At least if you are sure you have simple setup they should tell you what kind of broadcasting they seen.

pcexhaust Wed, 07/11/2007 - 08:54

I agree that they should tell me exactly what they see. But, the guy I talked with (who seems pretty high up in the help desk tiers)only could tell me it was broadcast traffic from my IP to I think it is DHCP related because it's the only thing that I could find.

I'll talk to them again tonight and see if I can get more out of them.

pcexhaust Thu, 07/12/2007 - 04:02


I was able to get more information from tech support. They are telling me I am broadcasting on port 67. From what I can tell, this is port is used for DHCP servers (BOOT PS). Is this correct? I have the DHCP service turned off on my router, so I'm not sure why I would be broadcasting on this port.

Anyhow, I created an ACL that blocks outbound port 67 which I'm using as a temporary fix.

Edison Ortiz Thu, 07/12/2007 - 06:30

Well, you are supposed to broadcast DHCP request since you don't have a static IP on the router's connection to the ISP. I'm not sure what the problem really is, here.

If the router is constantly broadcasting this kind of packet, perhaps there is a problem with the connectivity and the interface is getting reset. It's similar to constantly rebooting a workstation on a LAN, check the local DHCP server and you will see the same behavior.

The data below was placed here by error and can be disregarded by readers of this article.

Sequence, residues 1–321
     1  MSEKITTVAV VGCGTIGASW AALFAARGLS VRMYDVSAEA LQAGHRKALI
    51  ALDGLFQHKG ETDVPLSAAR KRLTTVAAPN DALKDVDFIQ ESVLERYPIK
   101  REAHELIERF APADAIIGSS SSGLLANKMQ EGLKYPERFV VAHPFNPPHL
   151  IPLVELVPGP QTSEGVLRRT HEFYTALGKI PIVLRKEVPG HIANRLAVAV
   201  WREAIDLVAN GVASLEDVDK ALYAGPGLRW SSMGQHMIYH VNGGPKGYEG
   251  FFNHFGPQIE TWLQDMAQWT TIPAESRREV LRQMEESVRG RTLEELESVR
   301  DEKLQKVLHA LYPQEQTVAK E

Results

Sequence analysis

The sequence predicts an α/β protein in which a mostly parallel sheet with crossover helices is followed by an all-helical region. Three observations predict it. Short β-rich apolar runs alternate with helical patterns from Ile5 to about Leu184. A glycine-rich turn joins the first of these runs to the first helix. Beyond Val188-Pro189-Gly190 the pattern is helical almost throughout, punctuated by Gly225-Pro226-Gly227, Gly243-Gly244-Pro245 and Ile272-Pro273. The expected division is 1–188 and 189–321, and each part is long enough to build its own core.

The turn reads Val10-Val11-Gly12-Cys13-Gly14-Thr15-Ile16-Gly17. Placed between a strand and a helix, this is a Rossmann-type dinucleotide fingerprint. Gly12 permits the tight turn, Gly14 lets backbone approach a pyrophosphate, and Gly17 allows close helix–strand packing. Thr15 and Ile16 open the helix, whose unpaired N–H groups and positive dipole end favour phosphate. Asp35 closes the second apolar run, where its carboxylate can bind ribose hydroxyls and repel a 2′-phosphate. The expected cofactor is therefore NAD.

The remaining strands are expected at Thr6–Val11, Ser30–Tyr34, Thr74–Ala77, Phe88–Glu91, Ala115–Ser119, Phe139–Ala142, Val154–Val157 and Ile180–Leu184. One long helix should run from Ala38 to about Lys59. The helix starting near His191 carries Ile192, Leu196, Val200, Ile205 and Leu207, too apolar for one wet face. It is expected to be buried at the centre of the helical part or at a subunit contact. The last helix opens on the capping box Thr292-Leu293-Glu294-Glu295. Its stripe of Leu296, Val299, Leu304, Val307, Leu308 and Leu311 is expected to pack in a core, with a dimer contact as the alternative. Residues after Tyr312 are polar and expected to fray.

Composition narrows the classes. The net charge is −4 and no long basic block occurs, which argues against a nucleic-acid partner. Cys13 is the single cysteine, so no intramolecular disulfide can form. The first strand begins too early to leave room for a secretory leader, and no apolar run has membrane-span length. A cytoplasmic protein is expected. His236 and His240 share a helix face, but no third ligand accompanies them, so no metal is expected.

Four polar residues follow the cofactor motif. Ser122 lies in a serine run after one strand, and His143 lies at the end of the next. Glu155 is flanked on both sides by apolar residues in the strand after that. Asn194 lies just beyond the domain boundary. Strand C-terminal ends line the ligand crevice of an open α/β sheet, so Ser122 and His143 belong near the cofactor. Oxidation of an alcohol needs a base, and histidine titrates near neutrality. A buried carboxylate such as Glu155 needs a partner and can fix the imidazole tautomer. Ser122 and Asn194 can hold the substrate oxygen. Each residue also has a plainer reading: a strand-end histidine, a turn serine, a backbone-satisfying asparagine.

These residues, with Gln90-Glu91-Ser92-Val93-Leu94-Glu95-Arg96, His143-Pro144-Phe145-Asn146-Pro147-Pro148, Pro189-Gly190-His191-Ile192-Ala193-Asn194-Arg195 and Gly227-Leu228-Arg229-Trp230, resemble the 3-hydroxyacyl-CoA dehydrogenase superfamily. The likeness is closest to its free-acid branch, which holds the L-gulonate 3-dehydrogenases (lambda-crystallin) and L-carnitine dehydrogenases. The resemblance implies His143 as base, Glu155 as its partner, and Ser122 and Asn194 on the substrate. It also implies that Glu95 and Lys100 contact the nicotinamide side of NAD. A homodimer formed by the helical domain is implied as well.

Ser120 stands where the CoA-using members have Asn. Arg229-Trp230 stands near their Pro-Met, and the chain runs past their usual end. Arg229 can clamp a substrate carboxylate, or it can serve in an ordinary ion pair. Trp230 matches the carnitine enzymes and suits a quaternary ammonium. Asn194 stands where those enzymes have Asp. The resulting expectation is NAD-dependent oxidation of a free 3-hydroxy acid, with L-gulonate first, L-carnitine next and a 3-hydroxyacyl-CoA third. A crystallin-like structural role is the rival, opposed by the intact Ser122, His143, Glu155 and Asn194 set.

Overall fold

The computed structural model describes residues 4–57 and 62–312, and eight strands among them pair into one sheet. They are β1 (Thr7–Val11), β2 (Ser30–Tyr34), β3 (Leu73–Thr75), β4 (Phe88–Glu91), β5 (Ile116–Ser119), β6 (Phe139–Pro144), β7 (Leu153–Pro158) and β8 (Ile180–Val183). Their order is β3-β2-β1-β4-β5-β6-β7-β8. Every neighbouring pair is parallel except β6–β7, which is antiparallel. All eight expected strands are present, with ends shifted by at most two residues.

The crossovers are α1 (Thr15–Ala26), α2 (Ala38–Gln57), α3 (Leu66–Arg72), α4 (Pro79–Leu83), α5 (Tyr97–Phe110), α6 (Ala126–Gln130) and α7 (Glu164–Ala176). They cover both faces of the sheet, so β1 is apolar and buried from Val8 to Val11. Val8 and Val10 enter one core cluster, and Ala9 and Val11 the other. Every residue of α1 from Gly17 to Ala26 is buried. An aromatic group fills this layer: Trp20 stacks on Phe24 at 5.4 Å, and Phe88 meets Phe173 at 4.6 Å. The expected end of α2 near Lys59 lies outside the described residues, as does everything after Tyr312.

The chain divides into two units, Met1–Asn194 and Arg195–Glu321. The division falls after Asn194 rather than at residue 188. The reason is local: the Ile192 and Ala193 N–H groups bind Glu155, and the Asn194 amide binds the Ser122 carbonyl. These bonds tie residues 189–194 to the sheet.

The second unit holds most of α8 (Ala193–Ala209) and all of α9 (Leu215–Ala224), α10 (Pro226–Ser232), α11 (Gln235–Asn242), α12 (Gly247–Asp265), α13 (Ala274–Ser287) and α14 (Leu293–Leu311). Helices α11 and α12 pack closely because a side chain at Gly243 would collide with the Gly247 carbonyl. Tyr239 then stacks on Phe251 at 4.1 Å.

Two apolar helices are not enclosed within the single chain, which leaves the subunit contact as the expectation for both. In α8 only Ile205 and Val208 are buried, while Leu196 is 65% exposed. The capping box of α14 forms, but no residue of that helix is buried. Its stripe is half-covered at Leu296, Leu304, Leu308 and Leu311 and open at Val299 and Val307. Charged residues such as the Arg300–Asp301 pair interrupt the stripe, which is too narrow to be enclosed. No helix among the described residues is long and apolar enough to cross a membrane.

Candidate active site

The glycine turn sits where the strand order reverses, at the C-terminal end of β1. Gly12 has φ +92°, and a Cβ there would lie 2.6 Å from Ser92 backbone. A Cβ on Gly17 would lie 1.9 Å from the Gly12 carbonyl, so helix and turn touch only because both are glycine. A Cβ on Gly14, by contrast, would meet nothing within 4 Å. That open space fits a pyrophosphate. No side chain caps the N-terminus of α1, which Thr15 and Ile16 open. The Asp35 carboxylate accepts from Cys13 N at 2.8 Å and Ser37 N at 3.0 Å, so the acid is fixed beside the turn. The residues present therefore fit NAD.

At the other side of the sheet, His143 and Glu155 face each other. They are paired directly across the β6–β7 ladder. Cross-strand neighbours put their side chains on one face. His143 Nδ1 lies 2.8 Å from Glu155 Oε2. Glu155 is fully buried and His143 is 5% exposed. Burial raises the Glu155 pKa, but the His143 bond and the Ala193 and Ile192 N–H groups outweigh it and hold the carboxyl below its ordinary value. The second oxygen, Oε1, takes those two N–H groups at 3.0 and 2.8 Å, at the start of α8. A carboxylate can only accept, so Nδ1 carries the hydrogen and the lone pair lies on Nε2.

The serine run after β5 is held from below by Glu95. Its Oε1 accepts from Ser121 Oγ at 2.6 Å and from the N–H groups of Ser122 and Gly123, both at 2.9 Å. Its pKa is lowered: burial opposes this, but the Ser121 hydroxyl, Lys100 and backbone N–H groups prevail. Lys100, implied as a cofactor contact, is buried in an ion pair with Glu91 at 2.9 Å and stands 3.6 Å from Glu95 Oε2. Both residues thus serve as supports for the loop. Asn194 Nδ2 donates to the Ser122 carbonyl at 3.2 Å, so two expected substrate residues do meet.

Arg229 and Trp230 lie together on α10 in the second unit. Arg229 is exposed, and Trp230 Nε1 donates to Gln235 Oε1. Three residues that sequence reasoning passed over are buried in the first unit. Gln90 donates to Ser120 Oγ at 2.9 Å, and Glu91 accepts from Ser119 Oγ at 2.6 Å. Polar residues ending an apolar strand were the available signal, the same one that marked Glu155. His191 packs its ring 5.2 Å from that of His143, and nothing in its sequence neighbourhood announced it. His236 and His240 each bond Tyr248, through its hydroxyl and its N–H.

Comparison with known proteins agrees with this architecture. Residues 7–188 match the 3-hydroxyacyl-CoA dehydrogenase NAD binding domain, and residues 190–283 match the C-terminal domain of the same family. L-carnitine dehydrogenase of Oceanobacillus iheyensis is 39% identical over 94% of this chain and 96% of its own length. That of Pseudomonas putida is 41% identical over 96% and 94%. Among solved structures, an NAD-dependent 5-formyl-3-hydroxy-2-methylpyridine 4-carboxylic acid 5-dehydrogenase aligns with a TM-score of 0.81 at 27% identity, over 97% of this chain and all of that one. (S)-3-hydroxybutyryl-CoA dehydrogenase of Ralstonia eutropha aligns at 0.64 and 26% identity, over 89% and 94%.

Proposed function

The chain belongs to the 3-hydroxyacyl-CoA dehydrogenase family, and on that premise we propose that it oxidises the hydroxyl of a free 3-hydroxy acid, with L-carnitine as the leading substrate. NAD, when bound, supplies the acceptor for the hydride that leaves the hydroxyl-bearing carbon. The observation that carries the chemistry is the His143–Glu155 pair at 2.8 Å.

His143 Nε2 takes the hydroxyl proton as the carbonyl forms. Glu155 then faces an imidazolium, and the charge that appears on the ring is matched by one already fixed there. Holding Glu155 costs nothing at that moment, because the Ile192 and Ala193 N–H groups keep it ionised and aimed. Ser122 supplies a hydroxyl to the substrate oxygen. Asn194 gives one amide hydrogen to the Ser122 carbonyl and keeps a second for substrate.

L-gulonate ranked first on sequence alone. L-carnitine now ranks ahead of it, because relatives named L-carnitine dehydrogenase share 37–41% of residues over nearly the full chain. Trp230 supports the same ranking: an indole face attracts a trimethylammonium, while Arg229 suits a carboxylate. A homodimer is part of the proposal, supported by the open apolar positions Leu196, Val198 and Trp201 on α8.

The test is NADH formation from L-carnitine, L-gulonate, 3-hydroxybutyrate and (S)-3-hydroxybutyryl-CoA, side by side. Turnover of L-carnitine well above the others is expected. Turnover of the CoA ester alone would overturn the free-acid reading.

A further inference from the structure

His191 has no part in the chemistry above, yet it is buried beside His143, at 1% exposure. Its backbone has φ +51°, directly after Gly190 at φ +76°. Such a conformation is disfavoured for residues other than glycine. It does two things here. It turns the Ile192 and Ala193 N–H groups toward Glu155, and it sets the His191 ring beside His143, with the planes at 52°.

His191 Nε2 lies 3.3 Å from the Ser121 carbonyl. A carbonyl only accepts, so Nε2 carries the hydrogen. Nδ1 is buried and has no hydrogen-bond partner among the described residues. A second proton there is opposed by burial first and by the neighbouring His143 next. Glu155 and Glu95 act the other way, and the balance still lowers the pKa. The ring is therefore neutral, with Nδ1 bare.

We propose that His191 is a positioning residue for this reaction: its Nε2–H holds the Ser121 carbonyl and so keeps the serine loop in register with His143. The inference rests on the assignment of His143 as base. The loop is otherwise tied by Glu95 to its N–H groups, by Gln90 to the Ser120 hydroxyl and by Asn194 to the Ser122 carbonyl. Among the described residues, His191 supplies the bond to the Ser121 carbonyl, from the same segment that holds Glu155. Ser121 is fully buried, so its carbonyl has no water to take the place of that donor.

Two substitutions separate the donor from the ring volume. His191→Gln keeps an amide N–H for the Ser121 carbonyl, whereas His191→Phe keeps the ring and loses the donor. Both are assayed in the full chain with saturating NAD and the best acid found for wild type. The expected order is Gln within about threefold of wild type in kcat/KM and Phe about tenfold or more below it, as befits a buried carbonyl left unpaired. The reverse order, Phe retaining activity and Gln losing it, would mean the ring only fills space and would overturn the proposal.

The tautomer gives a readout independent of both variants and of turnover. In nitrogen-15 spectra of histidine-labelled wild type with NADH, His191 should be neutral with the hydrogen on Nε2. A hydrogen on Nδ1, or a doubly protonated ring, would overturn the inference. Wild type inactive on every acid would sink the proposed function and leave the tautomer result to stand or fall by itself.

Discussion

Richard Burts Thu, 07/12/2007 - 07:03


I am curious about the DHCP nak. A nak is usually a response to something that you received. In your packet capture do you see the provider sending anything to you (especially on ports 67 or 68)?

Another point to consider, I do not believe that your access list is going to be effective. If the DHCP nak is being generated by your router then the access list will not prevent it being tranmitted. One of the behaviors of outbound access lists on routers is that they do not filter traffic that is generated by the router itself.



pcexhaust Thu, 07/12/2007 - 07:15


No, I do not see anything from my provider. All I have is just what is in that screenshot at http://www.pcexhaust.com/cisco.jpg

My sniffing doesn't seem to be picking up everything like it was a few nights ago. In my current setup, I am using a hub between my WAN and my ISP's ethernet port. To this hub, I am connecting my laptop and running Wireshark in promiscuous mode. The hub is so I can sniff everything that goes through the network. That being the Cisco's WAN traffic.

Is there a better way I can be looking for traffic?

P.S. Thank you for informing me about the ACL behavior.

pcexhaust Thu, 07/12/2007 - 07:05

EdisonOrtiz, I agree. I do know what the problem is here. However, they say it is a problem. Wiki tells me that "all client-sent packets have source port 68 and destination port 67." This may mean my DHCP request will no longer work. However, I did test it been I installed the ACL, and it got an IP.